Speaking in Beletweyne Monday, the President said the government had established emergency response teams to work with humanitarian agencies in the country to fast track response.
“We have formed a national disaster committee to respond to the needs of our fellow citizens who have been affected,” he said. “The government stands by your side morally and materially to deliver all the help that we can.”
The President also assured HirShabelle leadership and local residents that the federal government was taking action to address the humanitarian crisis caused by the floods.
The UN estimates at least 500,000 people nationwide have been affected by the floods with 150,000 of these in Beletwyene alone which has seen major parts of the town inundated weeks after Shabelle river burst its banks.
The Shabelle River, which begins in the Ethiopian highlands and flows through Belet Weyne and the HirShabelle state capital of Jowhar, burst its banks following the onset of heavy rains which began last month. Other states affected by the heavy rains include Jubbaland and South West state. The heavy rains and flash floods come only months after a devastating drought left over six million people in need of humanitarian assistance last year.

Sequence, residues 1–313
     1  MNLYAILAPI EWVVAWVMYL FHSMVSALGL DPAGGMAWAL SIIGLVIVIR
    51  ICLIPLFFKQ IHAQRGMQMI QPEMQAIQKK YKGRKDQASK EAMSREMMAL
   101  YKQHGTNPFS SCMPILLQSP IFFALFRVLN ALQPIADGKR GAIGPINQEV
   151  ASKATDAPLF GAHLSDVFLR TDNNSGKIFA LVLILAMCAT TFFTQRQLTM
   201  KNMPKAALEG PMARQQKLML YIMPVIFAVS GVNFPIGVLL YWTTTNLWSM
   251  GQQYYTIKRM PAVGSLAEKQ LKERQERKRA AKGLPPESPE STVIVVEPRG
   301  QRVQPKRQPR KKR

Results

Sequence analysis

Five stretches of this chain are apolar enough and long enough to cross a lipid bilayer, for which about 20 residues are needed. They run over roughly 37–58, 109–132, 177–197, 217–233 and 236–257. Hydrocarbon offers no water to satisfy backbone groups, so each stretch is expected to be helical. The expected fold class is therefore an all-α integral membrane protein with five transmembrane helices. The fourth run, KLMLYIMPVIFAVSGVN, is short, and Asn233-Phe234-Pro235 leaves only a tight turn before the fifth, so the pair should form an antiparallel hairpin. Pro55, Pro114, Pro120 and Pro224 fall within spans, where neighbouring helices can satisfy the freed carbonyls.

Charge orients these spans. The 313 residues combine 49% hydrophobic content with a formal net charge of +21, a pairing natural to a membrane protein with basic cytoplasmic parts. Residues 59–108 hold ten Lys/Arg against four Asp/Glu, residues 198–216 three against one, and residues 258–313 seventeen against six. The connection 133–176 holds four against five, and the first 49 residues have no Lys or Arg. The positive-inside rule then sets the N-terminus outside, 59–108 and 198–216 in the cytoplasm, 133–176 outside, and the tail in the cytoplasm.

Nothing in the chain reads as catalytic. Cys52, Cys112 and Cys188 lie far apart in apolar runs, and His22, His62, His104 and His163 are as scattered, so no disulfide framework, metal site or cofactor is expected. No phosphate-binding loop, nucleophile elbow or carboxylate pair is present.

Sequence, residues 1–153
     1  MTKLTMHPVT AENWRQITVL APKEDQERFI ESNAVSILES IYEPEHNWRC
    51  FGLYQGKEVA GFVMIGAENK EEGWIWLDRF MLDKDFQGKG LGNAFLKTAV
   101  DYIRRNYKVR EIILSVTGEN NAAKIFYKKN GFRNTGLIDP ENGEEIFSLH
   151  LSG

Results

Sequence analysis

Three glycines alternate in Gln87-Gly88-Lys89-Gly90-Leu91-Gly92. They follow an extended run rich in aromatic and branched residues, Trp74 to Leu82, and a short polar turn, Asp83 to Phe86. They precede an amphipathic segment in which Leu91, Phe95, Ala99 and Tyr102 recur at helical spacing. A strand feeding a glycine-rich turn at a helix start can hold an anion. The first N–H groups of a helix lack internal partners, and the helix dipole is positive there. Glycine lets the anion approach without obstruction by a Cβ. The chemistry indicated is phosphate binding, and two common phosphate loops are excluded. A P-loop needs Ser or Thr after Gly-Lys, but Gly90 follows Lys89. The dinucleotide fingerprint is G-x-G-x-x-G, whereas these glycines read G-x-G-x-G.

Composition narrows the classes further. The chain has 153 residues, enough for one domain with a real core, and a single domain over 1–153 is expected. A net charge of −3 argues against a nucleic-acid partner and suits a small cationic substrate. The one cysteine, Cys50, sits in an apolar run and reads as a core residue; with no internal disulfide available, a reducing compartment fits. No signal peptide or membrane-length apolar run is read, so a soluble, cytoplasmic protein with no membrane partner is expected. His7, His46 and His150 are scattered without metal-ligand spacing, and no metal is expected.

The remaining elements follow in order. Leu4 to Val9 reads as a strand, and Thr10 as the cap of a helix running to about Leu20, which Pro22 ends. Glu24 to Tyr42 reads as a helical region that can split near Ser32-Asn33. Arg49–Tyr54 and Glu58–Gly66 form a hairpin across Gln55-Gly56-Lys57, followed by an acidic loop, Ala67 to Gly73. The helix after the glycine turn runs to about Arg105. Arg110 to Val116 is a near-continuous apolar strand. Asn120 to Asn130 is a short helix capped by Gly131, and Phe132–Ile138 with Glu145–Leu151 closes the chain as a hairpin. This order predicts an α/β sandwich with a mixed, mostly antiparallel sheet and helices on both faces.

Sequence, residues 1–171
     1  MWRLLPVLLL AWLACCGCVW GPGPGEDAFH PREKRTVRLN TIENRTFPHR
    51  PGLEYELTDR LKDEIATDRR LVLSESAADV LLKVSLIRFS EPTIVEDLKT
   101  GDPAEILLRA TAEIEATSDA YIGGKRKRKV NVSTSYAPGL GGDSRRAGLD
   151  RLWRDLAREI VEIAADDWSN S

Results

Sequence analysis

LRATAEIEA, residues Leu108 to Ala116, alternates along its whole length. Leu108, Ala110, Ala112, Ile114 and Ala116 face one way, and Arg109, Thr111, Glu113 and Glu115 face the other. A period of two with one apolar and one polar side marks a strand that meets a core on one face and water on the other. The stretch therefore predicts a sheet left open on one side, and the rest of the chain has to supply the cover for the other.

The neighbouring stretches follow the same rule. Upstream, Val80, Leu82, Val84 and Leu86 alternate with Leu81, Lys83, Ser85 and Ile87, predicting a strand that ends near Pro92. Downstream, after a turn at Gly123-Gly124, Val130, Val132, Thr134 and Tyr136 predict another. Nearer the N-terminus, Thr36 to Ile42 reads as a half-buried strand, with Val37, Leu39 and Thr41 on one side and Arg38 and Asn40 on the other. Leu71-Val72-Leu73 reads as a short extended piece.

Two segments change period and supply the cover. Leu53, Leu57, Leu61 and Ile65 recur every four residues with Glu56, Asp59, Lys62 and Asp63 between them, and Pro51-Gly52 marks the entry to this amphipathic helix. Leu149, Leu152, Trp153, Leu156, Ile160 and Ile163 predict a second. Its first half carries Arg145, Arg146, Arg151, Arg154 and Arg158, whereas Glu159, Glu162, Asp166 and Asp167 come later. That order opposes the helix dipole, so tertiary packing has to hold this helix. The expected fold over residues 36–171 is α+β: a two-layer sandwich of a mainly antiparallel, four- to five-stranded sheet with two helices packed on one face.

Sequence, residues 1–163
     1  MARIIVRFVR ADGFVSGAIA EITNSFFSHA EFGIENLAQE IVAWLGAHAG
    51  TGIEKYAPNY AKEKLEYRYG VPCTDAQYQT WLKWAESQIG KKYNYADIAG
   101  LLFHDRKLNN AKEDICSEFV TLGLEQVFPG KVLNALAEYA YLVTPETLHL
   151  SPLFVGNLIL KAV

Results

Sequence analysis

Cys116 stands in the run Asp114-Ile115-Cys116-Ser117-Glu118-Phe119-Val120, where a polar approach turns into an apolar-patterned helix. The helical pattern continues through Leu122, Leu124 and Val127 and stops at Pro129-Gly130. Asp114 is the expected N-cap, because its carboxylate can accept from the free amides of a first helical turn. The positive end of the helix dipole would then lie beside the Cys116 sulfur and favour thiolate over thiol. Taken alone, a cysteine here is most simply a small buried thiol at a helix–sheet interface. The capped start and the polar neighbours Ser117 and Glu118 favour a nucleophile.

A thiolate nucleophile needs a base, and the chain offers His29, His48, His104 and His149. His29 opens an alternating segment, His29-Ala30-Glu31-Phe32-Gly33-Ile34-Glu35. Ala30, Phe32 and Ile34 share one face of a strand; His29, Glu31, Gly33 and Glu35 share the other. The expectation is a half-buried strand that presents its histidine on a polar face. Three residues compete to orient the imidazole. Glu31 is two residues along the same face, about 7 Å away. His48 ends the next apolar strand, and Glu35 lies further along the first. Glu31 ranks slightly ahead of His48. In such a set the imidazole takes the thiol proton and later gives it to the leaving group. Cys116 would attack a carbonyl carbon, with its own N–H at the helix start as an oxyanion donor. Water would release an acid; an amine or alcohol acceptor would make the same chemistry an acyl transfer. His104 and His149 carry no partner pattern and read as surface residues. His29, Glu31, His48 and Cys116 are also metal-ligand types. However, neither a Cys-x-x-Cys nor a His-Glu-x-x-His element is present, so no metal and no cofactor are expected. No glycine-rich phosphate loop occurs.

An official from the UN Office for the Coordination of Humanitarian Affairs, Yngvil Foss, said rainfall in recent weeks has been heavier than anticipated.
“Initially, all humanitarian actors started responding with the means and assets they had available,” Ms. Foss, OCHA’s deputy country director for Somalia, said. “In the past week we have been able to raise additional money to target assistance for food, water, sanitation and non-food items to be able to respond.”
The UN World Health Organization (WHO) delivered 4.5 million metric tons of medicines and other medical supplies to Belet Weyne on 29 April. Ms. Foss called for more funding to provide food and water to the increasing numbers of internally displaced persons.